Storing seeds at –18° C or in LN stresses them. Walters and her staff look for ways to reduce that stress or to fix the damage. They have found that seeds from tropical areas contain a lot of water or have unusual lipids, and this makes them damage easily. An example is Cuphea, which comes from Latin America and is valued in the food industry for its medium-chain fatty acids (8 to 14 carbons rather than the usual 16- or 18-carbon fatty acids). Some Cuphea seeds were killed when stored at –18° C, but damage can be averted by warming them in an incubator before they are germinated. Walters reasoned that it was like olive oil left in a refrigerator; the oil has to melt before you can mix it with vinegar.
Seeds from domestic crops
(inner circle) are usually
larger, lighter in color,
and more uniform than their
wild relatives. Clockwise
from top: Peanuts, corn,
rice, coffee, soybean, hops,
pistachio, and sorghum.
Another new aspect of the NCGRP research is the work on plants native to U.S. rangelands. "These plants are used to restore rangelands that have been devastated by fire, and so far there is no program in the United States to ensure that we have the plants we need," Walters says.
Most crops grown in the United States actually originated abroad, brought by immigrants from their native countries. But the United States still has a lot of native plants that are useful, and ARS is trying to collect them. Walters points out that many of the native plants produce medicines, including one they studied that has been shown to help breast cancer patients.
Preserving plants collected from the wild, like U.S. native species, is more difficult than preserving crop seeds. Plants in the wild look and behave differently, growing at different rates and flowering at different times. The challenge to preserve these plants may be well worth it, since they are a future source of genes that will make crops more resistant to diseases, insects, and extreme weather.
Center director Henry Shands
holds glass tubes from one
of the oldest experiments
testing seed longevity, begun
in 1948. On the table are
samples of containers used
to store germplasm, including
heat-sealed foil bags for
storage at -18°C and
polypropylene tubes for
storage in liquid nitrogen.
The Animal Collection Is Taking Off
ARS' storage of animal germplasm is relatively new. A congressional mandate called for the National Animal Germplasm Program (NAGP) to be part of the whole germplasm system. In 1999, a task force suggested the program be located within the National Seed Storage Laboratory in order to share some of the same infrastructure.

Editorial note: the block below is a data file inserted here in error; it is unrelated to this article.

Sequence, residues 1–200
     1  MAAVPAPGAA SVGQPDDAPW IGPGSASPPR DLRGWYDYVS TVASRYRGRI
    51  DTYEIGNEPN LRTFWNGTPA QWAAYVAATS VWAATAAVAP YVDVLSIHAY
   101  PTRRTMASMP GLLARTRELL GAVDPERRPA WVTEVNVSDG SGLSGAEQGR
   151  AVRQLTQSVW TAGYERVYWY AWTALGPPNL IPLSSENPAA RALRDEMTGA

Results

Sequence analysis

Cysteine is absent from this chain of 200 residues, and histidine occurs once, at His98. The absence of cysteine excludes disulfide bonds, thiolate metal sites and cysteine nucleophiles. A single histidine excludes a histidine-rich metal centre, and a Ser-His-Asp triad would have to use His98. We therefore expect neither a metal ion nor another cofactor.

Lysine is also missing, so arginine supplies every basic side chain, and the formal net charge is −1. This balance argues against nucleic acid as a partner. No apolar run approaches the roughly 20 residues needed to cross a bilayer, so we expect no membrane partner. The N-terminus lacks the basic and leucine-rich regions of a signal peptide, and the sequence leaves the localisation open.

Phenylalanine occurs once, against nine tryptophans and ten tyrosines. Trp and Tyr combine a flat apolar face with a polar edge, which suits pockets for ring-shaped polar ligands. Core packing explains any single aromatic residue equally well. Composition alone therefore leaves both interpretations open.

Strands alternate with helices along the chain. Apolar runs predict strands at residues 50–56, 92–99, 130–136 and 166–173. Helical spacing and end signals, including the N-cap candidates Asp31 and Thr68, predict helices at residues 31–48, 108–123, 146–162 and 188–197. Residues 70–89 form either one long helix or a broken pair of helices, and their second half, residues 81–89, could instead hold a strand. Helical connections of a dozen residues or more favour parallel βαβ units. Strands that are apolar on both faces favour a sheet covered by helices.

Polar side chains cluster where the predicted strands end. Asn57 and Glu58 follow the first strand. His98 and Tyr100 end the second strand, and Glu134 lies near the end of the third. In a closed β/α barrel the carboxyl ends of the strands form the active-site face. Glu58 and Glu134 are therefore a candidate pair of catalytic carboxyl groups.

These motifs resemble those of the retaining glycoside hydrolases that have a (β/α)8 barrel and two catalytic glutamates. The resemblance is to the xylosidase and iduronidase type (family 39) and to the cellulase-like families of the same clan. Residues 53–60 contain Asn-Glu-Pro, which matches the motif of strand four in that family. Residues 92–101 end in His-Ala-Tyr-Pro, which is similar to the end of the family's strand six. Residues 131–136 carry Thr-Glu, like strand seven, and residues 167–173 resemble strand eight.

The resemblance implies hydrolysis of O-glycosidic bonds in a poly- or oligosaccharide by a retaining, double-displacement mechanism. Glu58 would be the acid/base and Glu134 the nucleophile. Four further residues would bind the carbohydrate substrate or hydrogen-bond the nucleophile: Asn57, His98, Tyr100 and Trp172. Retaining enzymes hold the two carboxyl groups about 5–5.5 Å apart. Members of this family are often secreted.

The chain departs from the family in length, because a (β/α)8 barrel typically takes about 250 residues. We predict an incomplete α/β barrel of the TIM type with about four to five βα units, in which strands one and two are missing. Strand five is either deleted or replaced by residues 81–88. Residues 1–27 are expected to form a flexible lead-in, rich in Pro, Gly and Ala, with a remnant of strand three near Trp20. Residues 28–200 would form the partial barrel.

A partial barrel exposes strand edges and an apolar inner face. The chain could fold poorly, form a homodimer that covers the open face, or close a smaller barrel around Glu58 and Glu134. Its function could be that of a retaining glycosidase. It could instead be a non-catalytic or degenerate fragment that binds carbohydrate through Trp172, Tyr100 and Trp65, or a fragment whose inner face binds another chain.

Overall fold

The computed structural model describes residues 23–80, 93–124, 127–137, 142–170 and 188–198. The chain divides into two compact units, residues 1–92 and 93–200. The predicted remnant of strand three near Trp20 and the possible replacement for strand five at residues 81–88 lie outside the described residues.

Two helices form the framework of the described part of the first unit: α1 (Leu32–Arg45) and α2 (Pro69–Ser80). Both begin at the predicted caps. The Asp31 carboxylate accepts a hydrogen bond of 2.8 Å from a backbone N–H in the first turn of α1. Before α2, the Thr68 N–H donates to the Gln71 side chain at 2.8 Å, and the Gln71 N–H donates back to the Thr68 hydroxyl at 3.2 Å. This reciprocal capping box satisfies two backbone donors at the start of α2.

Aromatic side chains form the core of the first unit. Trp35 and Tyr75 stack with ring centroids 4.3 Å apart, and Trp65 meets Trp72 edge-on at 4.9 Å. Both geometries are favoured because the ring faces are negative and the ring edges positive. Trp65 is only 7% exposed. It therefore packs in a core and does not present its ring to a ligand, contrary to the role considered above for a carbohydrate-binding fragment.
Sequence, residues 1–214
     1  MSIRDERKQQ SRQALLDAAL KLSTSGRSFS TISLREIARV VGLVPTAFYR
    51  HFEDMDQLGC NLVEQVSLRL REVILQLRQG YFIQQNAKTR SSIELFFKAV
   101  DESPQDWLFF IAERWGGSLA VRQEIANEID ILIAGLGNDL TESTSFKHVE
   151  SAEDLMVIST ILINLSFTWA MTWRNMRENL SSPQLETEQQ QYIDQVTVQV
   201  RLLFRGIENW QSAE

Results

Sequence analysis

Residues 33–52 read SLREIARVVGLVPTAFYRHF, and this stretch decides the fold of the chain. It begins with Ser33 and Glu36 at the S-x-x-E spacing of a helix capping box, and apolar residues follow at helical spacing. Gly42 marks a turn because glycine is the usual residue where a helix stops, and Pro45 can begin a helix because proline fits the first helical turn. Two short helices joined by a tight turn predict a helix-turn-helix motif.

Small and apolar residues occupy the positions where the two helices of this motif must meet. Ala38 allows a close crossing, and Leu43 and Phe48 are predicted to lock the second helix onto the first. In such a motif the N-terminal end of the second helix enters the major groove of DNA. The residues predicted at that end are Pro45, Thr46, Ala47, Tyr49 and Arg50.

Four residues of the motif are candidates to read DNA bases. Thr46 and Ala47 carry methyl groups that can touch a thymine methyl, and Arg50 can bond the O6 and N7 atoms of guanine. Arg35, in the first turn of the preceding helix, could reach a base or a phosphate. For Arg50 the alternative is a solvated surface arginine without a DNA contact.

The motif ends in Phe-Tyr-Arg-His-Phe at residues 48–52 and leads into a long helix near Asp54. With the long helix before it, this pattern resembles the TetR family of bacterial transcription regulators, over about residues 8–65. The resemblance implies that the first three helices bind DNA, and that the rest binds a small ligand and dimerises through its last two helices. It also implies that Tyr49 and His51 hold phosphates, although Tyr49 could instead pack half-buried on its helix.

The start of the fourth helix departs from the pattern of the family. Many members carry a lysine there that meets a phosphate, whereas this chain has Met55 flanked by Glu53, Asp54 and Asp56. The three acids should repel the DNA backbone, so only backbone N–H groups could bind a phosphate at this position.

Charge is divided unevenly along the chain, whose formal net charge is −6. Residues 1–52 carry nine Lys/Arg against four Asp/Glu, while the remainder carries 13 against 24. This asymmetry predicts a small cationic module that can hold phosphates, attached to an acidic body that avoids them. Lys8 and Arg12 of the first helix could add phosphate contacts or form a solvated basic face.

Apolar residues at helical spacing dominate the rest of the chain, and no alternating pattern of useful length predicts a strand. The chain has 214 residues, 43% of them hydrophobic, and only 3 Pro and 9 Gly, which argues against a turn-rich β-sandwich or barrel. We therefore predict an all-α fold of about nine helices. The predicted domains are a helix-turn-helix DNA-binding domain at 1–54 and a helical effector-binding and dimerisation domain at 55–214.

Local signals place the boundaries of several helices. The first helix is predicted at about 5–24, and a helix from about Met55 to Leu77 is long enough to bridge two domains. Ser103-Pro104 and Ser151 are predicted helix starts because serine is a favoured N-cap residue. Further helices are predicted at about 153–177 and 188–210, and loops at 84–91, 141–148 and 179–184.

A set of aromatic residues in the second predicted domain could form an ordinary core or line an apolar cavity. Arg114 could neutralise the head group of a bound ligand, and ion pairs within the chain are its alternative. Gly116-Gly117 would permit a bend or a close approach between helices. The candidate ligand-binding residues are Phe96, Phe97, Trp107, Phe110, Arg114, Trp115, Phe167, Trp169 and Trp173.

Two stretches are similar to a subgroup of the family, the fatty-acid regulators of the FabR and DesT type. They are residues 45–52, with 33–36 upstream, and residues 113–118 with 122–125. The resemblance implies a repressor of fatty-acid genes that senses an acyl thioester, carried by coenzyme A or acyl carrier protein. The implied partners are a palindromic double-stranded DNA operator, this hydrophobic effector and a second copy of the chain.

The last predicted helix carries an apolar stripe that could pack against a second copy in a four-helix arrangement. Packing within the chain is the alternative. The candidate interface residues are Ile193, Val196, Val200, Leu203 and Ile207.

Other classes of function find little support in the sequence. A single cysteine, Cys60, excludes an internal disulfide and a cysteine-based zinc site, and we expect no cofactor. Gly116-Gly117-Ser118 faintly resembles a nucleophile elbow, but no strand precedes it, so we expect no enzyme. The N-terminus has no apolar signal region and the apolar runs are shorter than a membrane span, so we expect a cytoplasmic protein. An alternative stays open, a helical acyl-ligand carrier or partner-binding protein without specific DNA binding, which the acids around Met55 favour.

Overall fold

Animal scientist Harvey D. Blackburn, who is in charge of the NAGP, helped to usher in the first germplasm entry of 40 chicken lines in 2000. Since then, germplasm has been added from various breeds of dairy and beef cattle, sheep, goats, and swine. They are also starting an aquaculture collection with striped bass and catfish germplasm.
While the NAGP is run by ARS, more than 70 scientists are part of the program. Many of them come from industry and universities as well as from other government agencies. They make up the committees (swine, dairy, beef, poultry, aquaculture, and small ruminants) that help decide what breeds and lines within breeds should be added to the collection. There is also a technical committee that advises on proper storage techniques.
At any one time, Blackburn is engaged in numerous projects that are as unique as the animals he studies. For example, he is working with the ARS Germplasm and Gamete Physiology Laboratory in Beltsville, Maryland, on storage and transportation methods for boar semen. "We are trying to find ways to better protect the cells during transport and processing," Blackburn explains.
Though the animal program is new, it has acquired older germplasm. The collection contains semen from Hereford and Limousin bulls from the 1950s, 1960s, and 1970s. The repository has also acquired semen from a Holstein population founded in the 1960s. "This older material is critical because it helps broaden the genetic base in the collection, and it will be used to evaluate changes in a breed's genetic composition over time," Blackburn says.
In the future, Blackburn wants to acquire more species as well as increase the number of breeds representing species he already has. The NCGRP is renovating to provide more space for animal germplasm collection and research, in addition to acquiring new analytical instrumentation.—By David Elstein, Agricultural Research Service Information Staff.
This research is part of Plant, Microbial, and Insect Genetic Resources, Genomics and Genetic Improvement (#301) and of Food Animal Production (#101), two ARS National Programs described on the World Wide Web at http://www.nps.ars.usda.gov.
Henry L. Shands, Loren E. Wiesner, Christina T. Walters, and Harvey D. Blackburn are with the USDA-ARS National Center for Genetic Resources Preservation, 1111 South Mason, Fort Collins, CO 80521; phone (970) 495-3200, fax (970) 221-1427.
"ARS Is Banking on Germplasm" was published in the February 2003 issue of Agricultural Research magazine.